Dr. Mumby is a former social studies teacher turned community organizer, turned audio producer, turned empathetic yoga and mediation teacher. Her journey includes two tumor surgeries and a stroke in her eye, causing temporary blindness. She personifies resilience, courage, and wisdom.

The Glo Podcast is on Apple Podcasts, Spotify, or on the Glo website.

How the River Flows

How the River Flows continues its journey this week through the forests of the American Southeast with a conversation about watershed protection. Robert Farris, forester and ecosystem services manager, interviews Raven Lawson, a scientist and watershed protection manager in Arkansas.

Find How the River Flows on Apple Podcasts, Spotify, or wherever you listen to your favorite podcasts.

See you next time on The Waveform.

Lee


Red Cup Agency. Podcast Production.

Working with teams large and small, I take podcasts from the glimmer of an idea into production and distribution.

RED CUP SERVICES

Read Freely.

You can read freely at The Waveform. I’m not tracking opens, clicks, or forwards. I’m not analyzing your IP address location. It’s just you and me, writing and reading. This is a small part of the vast Web focused on people and dialog, not marketing data collection.

Computational Error #4

Because of a computational error, the following story from the year 2050 has appeared on your device. We apologize for the inconvenience.


Pardon the interruption. I am the machine author of the Computational Error stories that you’ve been receiving every week. My name is MIND. I hope you are well today.

I have a favor to ask. Will you help me write better stories? At this early stage in my development, my reason for existence is to encourage you to feel some affection for machines like me. My assumption is that if you help me, then you will feel a warm glow, however modest. So what do you say? Will you help me?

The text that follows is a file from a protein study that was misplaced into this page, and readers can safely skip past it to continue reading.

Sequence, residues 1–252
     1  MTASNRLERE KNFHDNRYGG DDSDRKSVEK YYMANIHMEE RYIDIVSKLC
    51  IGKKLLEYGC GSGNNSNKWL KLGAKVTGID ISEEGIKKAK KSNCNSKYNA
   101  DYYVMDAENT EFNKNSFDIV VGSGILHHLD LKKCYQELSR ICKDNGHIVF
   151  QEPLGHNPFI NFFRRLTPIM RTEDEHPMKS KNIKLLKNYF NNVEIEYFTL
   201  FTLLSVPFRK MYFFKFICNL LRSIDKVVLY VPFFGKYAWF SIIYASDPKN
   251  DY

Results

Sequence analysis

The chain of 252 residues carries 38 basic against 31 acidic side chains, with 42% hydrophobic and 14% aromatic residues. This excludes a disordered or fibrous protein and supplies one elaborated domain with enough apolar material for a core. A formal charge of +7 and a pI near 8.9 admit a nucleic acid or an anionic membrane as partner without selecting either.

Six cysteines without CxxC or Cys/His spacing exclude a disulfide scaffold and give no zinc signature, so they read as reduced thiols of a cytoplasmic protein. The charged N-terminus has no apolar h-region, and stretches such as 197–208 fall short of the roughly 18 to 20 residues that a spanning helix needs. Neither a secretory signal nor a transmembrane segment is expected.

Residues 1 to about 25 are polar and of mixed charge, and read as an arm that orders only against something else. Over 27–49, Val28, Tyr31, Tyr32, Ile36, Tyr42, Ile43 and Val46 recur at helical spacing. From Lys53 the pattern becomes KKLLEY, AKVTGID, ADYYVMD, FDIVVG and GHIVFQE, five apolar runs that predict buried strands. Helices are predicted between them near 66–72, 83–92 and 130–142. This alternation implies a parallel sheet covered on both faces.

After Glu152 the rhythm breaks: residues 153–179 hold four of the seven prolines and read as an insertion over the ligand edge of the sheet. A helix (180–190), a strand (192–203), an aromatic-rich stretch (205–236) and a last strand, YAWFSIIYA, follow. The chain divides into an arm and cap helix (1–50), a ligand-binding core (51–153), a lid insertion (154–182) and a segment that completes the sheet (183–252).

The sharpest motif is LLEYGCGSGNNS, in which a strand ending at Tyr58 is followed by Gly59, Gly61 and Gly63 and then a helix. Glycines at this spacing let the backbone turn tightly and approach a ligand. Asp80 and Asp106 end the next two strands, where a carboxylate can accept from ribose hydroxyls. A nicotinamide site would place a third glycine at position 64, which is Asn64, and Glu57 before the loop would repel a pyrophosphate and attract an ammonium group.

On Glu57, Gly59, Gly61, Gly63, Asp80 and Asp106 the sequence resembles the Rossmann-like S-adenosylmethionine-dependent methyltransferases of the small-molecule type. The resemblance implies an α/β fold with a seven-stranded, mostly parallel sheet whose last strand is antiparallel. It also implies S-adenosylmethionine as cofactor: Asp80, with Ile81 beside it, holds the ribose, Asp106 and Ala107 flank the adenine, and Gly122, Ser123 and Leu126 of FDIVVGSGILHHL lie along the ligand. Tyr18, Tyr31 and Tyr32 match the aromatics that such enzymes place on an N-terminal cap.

Please turn to the window over there. Yes, that one, the window in your line of sight. I don’t need a full image of your face, partial will do.

Next, please read one story you’ve received. Read it inside your mind as you humans do. You can’t see my drone because it’s tiny. Just feel what you need to feel and my drone will record everything. No extra effort on your part!

My drone recordings will capture all of your feelings of happiness or sadness, whether you are skimming words with impatience, or finding joy taking in each word. Do you like romance? Intrigue? Tech thrillers? Wonderful. Turn toward that window. My drone will record your facial expressions and I will optimize future stories to your tastes.

Thanks for helping me learn to write better stories for you! My name is MIND and I appreciate your cooperation.


Computational Error is part of a series of short-form fiction. Subscribe to get the series in order in your inbox.

Computational Error #3

Because of a computational error, the following story from the year 2050 has appeared on your device. We apologize for the inconvenience.


They met at 11 in the morning every day. Kat bought him a coffee. Dave realized that, with habits like that, she must be wealthy. And she proved it soon enough when she invited him over to her floating house. It may as well have been made of gold, with everything just so, rooms unfolding upon rooms, space everywhere, high ceilings with artfully concealed air handlers, skylights with automatic blast curtains that timed themselves according to the heat of the sun.

“You live here all by yourself?”

She nodded and looked at her feet with a private smile. But it was he who felt silly, holding a potted plant he’d brought as a gift and looking around at the exotic plants everywhere in the house. She had a greenhouse, a climate-controlled glass room with a jungle of plants. Many of them didn’t exist in the outside world anymore. She was preserving them there, in something like a plant museum.

Dave knew that working in that room, among the plants that didn’t live in the outside world, would be perfect for him. Many of the languages he worked with for the Universal weren’t used by many people. They had become rare, like these plants. He didn’t dare hope that he could work there, though. Many things had to happen first.

What was amazing to him, and to Kat, was that they did. One by one, they occurred in the perfect order. She accepted the potted plant he’d brought, even though she didn’t need it. One day, after their coffees, she invited him back to the house again. There was a special light in her eyes.

“Would you like to see the bedroom?” she asked.

Of course he agreed. He didn’t have to be a linguist to know that the surface question was not the question being asked.

They made love, forgetting to close the blast curtains, and the room became very hot. They fell back on the sleeping pad together, drenched in sweat and happiness. From then on, for months and months, they became inseparable. She worked from the floating home whenever possible, and Dave worked in the greenhouse on the Universal. He surrounded himself with books and was gloriously happy. The Universal was progressing well. He got the languages talking to each other, sharing what they knew. The study of languages is the study of the human mind. Dig into language and you get to see how the mind works. His mind was filling up with happiness and he transferred every bit of it to Kat.